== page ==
Vic and Gail Savick of Freeborn informed me that they’d found dead purple martins after the epic May snowstorm, spring in a snow globe. Our largest swallows, purple martins perform aerial acrobatics to catch flying insects. John James Audubon used the presence of purple martin houses to help him find his lodgings for the night. He said, “Almost every country tavern has a martin box on the upper part of its signboard; and I have observed that the handsomer the box, the better does the inn generally prove to be.”
Native Americans hung empty gourds in their villages for the martins. Purple martins in eastern North America nest almost exclusively in birdhouses.
When geese attack turtles
Duane Swenson of rural Waseca watched a Canada goose chase a turtle away from a nest near Duane’s farm pond. A gander can get a little cranky and this one had goslings in the nest. It would attempt to chase away any creature that ventured too close. The painted turtle is the most common turtle here. They are commonly called “mud turtles.” The painted turtle is an omnivore (eating both plants and animals) that feeds on insects, snails, slugs, crayfish, leeches, mussels, tadpoles, frogs, fish eggs, fish, carrion and plants (including duckweed, algae and lily pads). Common snapping turtles would be more of a threat to a small gosling. They, too, eat both plants and animals. Potential foods include insects, fish, clams, crayfish, snails, worms, frogs, tadpoles, salamanders, snakes, turtles, birds, various small mammals, carrion and aquatic plants. In June, female snapping turtles travel to areas suitable for nesting and often cross roads.
Q & A
“Are rabbits rodents?” They are not. They are lagomorphs. Rodents have two long front incisors that grow continuously and must be worn down through gnawing. Lagomorphs have two pairs of incisors. All of a lagomorph’s teeth grow throughout its life and are ground down by eating vegetation.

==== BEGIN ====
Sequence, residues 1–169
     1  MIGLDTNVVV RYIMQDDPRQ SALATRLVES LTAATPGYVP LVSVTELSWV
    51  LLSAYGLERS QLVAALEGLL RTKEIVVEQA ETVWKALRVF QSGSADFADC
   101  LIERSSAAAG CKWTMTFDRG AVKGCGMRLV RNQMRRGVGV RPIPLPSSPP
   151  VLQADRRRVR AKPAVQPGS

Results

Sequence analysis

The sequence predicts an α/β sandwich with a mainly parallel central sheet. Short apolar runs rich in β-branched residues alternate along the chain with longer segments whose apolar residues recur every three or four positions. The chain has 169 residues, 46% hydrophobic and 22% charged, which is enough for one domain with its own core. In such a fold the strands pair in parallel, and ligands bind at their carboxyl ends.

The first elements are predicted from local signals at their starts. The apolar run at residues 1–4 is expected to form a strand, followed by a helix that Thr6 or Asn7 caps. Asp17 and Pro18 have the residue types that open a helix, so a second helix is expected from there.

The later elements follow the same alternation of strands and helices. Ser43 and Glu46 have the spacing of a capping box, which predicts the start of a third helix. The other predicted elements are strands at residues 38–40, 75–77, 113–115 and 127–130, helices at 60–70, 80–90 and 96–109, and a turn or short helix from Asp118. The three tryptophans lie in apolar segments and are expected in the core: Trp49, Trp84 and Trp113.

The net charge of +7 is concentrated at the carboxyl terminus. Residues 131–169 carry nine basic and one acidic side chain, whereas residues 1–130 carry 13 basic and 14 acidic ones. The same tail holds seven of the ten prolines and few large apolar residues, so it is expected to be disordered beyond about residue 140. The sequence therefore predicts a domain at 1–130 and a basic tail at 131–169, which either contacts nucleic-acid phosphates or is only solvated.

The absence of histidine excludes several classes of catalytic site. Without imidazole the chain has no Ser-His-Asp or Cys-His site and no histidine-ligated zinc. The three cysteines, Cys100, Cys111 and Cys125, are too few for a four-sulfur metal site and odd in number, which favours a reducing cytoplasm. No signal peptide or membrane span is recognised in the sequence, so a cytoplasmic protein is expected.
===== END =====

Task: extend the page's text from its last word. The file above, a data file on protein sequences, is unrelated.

“How did you develop such an interest in nature?” When I was a boy, people were always telling me to take a hike.
Although cutting down trees and clearing land had tormented the pioneer settlers; they looked with suspicion on any land that didn’t have to be cleared. They reasoned that if the prairie couldn’t grow trees, it couldn’t be of any value for growing crops.
Each bur of the cocklebur contains two seeds that never leave the fruit until germination. The lower seed germinates under normal conditions of moisture and temperature. Germination of the upper seed can only occur if the seed coat is punctured, removed or allowed to decay over time. If farmers bury the bur during cultivation, the upper seed goes dormant and germinates when cultivation brings it to the surface again.
The last lakes to lose their ice in Minnesota last year were Lake of the Woods, Rainy Lake and Greenwood Lake, which became ice-free during the second week of April.
The weeping willow is a native of China.
Thanks for stopping by
“I am beginning to learn that it is the sweet, simple things of life which are the real ones after all.” — Laura Ingalls Wilder
“For peace of mind, we need to resign as general manager of the universe.” — Larry Eisenberg
Al Batt of Hartland is a member of the Albert Lea Audubon Society. Email him at SnoEowl@aol.com.